Saturday 11 February 2023


In 26-12-1640 Columbin de Nantes, Report to Propaganda Fide: proposes a mission. Father Columbin’s has this to say about the language of the inhabitants of Benin: “In this kingdom the people are very easily led to embrace the Faith, and priests can live here with greater ease than in other parts of Guinea because of the healthy climate, the fertility of the soil and because the people are more generous. Their language is simple: it is called the Licomin language and is universally used in these parts, just like Latin in Europe”. A.S.C Lettere di Germania, Francia, Fiandraea, Inghilterra, 1641. vol.83. fol. 379-80. “Licomin’ was a vague name for the inland Yoruba-speaking peoples.

Interestingly, there are still remnants of the Olukunmi (Licomin) speaking people. Their language is closely related to the Itsekiri language than the Western Yoruba language. Let us also see what an eye witness has to say about the language of Warri and Benin in the 18th century.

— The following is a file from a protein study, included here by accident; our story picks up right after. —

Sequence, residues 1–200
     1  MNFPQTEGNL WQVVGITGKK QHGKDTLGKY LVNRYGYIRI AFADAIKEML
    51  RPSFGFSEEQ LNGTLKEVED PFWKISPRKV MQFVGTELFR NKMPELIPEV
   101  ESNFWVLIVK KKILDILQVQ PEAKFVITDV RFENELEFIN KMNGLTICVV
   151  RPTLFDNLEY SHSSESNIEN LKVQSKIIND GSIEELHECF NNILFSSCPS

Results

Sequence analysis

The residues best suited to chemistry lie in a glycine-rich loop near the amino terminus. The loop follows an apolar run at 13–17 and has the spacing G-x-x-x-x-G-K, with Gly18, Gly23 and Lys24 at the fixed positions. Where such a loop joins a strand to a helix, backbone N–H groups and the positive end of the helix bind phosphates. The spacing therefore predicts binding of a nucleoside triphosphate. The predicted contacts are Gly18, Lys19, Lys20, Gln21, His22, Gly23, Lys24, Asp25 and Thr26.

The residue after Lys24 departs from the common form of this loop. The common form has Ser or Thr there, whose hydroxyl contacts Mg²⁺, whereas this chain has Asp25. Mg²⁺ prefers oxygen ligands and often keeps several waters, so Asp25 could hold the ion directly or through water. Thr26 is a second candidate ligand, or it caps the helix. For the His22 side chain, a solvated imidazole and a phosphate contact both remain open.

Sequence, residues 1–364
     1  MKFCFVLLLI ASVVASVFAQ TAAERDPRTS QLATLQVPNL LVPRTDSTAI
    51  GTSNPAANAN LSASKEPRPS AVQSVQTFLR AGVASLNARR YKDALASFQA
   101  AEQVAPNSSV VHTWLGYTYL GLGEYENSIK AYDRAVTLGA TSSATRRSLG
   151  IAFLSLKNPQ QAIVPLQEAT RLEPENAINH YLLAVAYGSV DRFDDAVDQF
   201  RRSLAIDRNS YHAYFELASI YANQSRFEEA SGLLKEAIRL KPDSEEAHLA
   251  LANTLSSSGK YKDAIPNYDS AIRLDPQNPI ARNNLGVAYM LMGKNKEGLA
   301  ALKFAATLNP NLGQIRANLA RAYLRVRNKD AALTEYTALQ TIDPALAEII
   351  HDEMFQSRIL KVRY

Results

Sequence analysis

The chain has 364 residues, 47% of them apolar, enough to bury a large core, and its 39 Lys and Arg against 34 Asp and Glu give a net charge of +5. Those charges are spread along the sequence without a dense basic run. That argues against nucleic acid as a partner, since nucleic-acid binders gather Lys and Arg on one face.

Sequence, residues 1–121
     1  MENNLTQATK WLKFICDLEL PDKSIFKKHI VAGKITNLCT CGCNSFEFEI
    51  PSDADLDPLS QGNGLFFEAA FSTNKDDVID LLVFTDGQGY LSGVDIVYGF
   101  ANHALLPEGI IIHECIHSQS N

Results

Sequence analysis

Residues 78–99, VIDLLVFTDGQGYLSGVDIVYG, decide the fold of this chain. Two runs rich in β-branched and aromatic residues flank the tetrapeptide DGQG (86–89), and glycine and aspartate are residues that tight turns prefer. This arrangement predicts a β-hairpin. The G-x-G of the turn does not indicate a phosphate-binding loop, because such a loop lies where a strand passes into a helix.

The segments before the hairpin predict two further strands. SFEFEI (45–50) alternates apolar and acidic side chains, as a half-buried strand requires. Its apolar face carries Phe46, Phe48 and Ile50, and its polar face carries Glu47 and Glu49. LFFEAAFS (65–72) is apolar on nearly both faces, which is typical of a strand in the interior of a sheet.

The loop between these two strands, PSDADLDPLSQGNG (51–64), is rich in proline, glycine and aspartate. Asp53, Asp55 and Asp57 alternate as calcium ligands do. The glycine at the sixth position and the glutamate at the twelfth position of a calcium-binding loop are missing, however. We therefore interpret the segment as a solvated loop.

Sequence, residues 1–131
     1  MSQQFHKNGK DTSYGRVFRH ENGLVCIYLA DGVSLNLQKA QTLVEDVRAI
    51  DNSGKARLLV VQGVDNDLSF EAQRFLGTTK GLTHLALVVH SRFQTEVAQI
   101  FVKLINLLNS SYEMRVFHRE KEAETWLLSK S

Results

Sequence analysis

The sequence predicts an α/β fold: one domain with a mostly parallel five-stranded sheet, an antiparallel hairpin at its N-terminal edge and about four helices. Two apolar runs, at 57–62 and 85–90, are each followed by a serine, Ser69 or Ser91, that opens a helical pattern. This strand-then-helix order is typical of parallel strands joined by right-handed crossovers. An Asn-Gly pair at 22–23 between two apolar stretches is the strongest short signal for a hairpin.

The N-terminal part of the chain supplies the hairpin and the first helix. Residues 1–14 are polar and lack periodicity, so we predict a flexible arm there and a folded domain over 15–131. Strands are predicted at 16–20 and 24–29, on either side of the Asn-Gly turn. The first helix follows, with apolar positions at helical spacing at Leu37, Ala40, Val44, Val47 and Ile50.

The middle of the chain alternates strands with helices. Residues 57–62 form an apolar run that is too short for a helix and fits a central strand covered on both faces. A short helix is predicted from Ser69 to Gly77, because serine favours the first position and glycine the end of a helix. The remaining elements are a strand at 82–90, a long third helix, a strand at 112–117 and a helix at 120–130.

In Memoires du capitaine Landolpe, contenant l’histoire de ses voyages pendant trente-six ans, aux cotes d’Afrique 1820 Jean Francois Landolphe [(1747-1825)] Said “In the past, Owhère and Benin were one kingdom. ….. The language and customs of the two states are the same. There is however this difference that the king of Owhère does not make any human sacrifice that there are three classes of nobility in Benin, and only two in Owhère.”

It is important for us to note that Jean Francois Landolphe a French captain came to Warri in 1768 to set up a French colony in Warri. He had regular visit to both the king of Warri and Benin and lived in Warri up till 1789. His memo was published into the above mentioned book shortly before he died. So his accounts or Benin and Warri can be accepted as eyewitness report.

From the letter of Father Columbin’s above and the eyewitness account of Captain Landolphe, we have been able to have a better knowledge of the historical background of the Itsekiri language. We can confidently say that the Itsekiri have always spoken a language close to what they speak in this modern day, Yoruboid language.

©️ Oritsẹgbubẹmi Adrian Ẹdẹma

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